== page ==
Croke Park extension demands 'draconian', say unions
Trade unions have described proposals for public service reform tabled yesterday by the Government as “draconian” and have warned the new talks process could break down at a very early stage.
At the opening session of talks on an extension to the Croke Park agreement, public service management proposed radical measures.
These involve pay cuts for some grades, increased working hours, the elimination of increments, a reduction in premium and overtime rates, and reforms to supervision and substitution payments for teachers. They also involve greater flexibility in redeploying staff.
Unions said the issue of compulsory redundancies – one of the core guarantees in the Croke Park agreement – was not specifically mentioned but that management signalled it wanted provision to offer exit packages to staff who did not opt for redeployment offers.
Separately, Minister for Public Expenditure and Reform Brendan Howlin is expected to seek Cabinet approval for targeted voluntary redundancy schemes under which 1,500 health staff, more than 500 in agriculture and 350 in education would leave.
The scale of the management proposals – aimed at €1 billion in savings on the Government’s pay and pensions bill on top of those already secured – shocked many trade union leaders.
Union leaders set out their proposals for the talks yesterday and hope to negotiate significant changes. However, there were concerns among some leaders last night that the scale of change to the proposals that would be required to facilitate a deal would generate significant political difficulties for Mr Howlin.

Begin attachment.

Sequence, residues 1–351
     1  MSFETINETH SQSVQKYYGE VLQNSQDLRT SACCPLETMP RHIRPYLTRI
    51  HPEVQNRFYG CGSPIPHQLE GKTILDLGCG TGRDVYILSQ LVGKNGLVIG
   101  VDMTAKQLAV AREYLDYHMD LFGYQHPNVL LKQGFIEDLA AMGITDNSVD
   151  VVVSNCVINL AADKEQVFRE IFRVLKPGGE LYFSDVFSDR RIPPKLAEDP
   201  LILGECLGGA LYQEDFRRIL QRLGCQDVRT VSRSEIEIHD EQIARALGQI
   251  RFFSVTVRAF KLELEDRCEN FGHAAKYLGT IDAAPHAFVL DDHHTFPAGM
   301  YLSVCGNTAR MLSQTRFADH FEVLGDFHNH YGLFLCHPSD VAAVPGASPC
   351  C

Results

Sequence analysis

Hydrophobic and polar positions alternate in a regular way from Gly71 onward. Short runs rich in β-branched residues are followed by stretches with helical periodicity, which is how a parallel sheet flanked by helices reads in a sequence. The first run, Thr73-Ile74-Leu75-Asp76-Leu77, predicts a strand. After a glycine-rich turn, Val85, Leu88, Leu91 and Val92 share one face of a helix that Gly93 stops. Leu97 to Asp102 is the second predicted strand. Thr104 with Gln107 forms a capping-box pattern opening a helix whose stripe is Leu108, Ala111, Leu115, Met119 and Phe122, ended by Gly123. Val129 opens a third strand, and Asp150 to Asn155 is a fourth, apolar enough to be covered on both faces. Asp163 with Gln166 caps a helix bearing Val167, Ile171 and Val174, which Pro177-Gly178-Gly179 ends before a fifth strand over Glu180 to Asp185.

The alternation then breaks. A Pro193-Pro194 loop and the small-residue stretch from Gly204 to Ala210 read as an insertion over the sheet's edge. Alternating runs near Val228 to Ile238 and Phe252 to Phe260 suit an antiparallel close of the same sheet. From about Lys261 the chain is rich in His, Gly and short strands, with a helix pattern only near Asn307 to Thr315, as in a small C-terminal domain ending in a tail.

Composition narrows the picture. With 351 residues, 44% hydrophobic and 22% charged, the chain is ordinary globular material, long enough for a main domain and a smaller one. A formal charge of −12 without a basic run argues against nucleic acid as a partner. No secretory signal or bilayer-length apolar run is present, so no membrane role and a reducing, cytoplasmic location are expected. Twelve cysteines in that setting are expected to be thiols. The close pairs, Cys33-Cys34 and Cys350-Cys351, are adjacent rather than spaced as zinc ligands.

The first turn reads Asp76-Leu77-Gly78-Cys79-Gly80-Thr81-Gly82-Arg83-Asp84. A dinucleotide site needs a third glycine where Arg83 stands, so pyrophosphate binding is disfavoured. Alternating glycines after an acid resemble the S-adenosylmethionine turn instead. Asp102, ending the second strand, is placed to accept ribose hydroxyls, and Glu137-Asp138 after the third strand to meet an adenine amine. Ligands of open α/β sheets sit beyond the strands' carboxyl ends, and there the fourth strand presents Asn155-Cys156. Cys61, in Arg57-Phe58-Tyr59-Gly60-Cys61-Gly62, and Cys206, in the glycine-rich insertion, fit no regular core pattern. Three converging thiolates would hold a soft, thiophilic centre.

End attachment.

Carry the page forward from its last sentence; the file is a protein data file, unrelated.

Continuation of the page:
The largest public service union, Impact, said last night it did not believe a deal would be possible if it embraced all the proposals. It would not put such proposals to ballot as they would not pass, it said.
General secretary of the Irish Nurses and Midwives Organisation Liam Doran told members in a bulletin last night that while the presentation did not include detail, it was clear what had been sought “could not form the basis of any agreement arising from these set of discussions”.
“In the context of the draconian agenda tabled by the management side, all members should note that it is quite possible these discussions could break down at a very early stage. It must be realised management clearly have a serious agenda for change which would render almost all agreements we have covering premium pay, working hours and other conditions of employment significantly reduced.”
Eoin Ronayne, general secretary of the Civil Public and Services Union, which represents lower-paid staff in the Civil Service, said it would be extraordinarily difficult to secure a deal.
The Government has signalled if the talks break down it will press ahead unilaterally to make the €1 billion savings sought. This could involve a pay cut of 7 per cent.
Unions said there would have to be a distinction between temporary measures for the current crisis and long-term changes.
They sought to raise issues of outsourcing, elimination of a workforce on separate pay levels, casualisation and allowances.